Roubini says Fed monetary policy 'too little, too late'
Federal Reserve policymakers are unlikely to take steps toward further monetary easing at a meeting next week and may wait until November, New York University professor Nouriel Roubini has said.
Members of the US Federal Open Market Committee (FOMC) are divided over whether to renew large-scale asset purchases, a strategy known as quantitative easing, Mr Roubini said in a Bloomberg Television interview yesterday.
"The Fed is not going to move next week. They're going to move maybe in November because the latest data have been slightly better than expected," he said.
"Eventually they're going to get to QE, but it's going to be probably too little and too late," Mr Roubini added.
Manufacturing in August expanded at a faster pace than forecast as factories added workers and cranked up production, a September 1 report from the Institute for Supply Management showed.
Private employers increased payrolls by 67,000 last month, exceeding economists' estimates, according to a report from the US Labour Department on September 3.
The FOMC meets on September 21. Goldman Sachs and Pacific Investment Management project US central bankers will start buying government debt as soon as this year to prevent what they see as a 25pc chance of the economy slipping back into a recession.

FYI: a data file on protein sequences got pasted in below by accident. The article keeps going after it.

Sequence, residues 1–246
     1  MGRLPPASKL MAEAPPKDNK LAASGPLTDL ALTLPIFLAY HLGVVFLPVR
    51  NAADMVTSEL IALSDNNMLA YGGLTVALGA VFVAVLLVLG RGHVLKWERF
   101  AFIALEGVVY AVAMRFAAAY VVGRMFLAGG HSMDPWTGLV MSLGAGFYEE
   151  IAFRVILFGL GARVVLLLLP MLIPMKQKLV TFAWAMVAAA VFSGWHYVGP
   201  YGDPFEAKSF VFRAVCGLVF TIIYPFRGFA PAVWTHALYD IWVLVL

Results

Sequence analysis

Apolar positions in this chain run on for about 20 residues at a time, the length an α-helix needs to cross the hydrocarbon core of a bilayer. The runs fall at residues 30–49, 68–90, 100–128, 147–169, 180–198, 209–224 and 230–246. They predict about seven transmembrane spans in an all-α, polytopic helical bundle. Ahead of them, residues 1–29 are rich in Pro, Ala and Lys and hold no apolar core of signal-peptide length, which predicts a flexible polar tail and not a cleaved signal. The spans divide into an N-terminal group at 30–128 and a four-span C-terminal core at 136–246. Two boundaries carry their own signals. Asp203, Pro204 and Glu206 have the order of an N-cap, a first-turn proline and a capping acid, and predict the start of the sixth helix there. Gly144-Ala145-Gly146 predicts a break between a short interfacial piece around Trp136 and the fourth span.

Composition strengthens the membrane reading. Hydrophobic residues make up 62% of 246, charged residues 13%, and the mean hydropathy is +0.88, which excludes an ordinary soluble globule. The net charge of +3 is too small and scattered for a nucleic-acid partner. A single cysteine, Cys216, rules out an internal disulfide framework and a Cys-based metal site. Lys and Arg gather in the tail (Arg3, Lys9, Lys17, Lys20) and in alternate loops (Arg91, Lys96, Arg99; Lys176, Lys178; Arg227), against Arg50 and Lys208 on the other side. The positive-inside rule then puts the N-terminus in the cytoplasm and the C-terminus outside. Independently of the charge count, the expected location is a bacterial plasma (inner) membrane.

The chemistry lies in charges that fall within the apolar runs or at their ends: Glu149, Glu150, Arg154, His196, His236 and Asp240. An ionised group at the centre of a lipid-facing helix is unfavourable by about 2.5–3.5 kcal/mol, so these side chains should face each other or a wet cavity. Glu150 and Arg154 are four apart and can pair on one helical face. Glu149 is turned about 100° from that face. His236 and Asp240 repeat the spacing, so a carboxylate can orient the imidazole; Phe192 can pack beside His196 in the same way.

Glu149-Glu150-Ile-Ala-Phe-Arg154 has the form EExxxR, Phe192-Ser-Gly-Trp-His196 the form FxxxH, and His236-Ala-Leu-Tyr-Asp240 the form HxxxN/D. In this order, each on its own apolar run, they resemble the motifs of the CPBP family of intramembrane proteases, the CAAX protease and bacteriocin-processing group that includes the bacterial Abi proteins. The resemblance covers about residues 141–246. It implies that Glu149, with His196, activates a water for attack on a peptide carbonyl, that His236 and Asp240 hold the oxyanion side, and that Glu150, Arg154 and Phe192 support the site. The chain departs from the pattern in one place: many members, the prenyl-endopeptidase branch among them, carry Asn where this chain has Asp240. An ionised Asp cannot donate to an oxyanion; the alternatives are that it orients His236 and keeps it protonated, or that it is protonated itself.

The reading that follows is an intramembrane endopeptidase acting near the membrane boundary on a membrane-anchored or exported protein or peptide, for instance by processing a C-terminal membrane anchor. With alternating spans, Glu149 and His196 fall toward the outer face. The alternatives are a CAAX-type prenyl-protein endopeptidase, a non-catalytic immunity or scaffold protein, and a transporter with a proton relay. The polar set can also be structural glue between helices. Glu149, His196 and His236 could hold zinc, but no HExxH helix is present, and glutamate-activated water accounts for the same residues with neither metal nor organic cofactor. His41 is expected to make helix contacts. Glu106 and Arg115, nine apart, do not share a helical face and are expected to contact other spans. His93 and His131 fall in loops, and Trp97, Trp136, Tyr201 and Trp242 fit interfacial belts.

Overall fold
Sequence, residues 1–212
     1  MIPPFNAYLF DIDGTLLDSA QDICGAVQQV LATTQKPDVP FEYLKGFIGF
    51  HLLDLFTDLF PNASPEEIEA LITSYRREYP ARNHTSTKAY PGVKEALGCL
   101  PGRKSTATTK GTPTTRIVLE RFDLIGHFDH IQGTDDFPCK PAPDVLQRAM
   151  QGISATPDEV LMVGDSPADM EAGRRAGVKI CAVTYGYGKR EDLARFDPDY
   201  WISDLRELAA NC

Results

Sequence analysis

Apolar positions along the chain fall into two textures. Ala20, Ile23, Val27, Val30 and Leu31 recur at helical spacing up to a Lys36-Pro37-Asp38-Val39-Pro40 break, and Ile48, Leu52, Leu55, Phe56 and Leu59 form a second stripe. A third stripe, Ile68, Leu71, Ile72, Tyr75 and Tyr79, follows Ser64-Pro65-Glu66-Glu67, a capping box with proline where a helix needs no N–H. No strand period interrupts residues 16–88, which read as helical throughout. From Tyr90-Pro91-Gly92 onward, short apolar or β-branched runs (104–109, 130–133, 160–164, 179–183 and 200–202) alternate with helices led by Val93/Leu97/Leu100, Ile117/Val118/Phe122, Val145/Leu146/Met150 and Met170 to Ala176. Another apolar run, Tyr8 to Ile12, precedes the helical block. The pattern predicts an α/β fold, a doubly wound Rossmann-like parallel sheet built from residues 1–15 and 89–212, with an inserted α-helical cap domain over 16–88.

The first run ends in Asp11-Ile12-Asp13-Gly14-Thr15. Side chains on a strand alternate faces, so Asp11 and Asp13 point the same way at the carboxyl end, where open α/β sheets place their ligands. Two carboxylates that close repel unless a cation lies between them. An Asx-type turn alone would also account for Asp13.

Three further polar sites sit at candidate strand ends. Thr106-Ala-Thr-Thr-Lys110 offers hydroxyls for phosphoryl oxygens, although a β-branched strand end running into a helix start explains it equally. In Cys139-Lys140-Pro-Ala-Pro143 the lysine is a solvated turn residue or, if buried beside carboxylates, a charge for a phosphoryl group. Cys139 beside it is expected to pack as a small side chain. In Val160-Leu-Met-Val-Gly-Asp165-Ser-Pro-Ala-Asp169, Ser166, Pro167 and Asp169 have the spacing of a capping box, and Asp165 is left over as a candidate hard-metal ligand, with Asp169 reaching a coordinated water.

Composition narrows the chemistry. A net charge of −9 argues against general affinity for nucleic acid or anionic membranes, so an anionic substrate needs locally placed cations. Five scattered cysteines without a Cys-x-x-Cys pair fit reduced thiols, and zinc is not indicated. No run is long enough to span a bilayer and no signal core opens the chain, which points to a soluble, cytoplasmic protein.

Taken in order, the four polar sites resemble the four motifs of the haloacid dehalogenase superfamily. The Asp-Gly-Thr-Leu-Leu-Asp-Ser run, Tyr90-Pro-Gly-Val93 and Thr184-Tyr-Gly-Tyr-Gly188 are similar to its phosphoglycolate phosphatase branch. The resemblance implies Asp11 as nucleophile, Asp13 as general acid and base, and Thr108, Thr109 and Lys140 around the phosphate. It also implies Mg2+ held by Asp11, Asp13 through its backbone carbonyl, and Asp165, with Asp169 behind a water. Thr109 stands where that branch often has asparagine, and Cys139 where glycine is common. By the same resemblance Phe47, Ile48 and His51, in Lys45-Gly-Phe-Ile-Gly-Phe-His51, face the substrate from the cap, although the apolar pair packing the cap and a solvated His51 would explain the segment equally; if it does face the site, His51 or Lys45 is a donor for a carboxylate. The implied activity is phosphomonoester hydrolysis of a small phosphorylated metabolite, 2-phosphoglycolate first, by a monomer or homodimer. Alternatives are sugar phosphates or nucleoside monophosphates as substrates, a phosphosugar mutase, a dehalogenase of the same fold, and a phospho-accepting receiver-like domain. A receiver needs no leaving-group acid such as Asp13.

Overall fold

"I don't think that monetary policy at this point is effective," said Mr Roubini, who forecast the recession more than a year before it began in December 2007. "The banks are not going to lend extra money," he said.
The 10-year Treasury yield was 2.71pc in New York last night, up from 2.68pc on Wednesday.
The Standard & Poor's 500 Index rose 0.3pc to 1123.89.
Referring to the 1.6pc US annual growth rate in the second quarter of this year, Mr Roubini said the economy may be reaching a "stall speed" and put the odds of a renewed recession at 40pc.
"All the tailwinds that supported growth in the first half are becoming headwinds," Mr Roubini said.
"We know that the second half is going to be worse than the second quarter."
Mr Roubini expressed doubts about the effectiveness of Japan's first intervention in the foreign-exchange market since 2004.
"The size of intervention matters" as well as co-ordination, Mr Roubini said.
"In this case, the Bank of Japan went alone."
He added that "usually uncoordinated intervention is less effective than co-ordination".
Mr Roubini said "the fundamental trends might lead to an appreciation of the yen further."
Yesterday, the yen tumbled past 85 a dollar for the first time in two weeks, trading at 85.56 at 2:08pm in New York.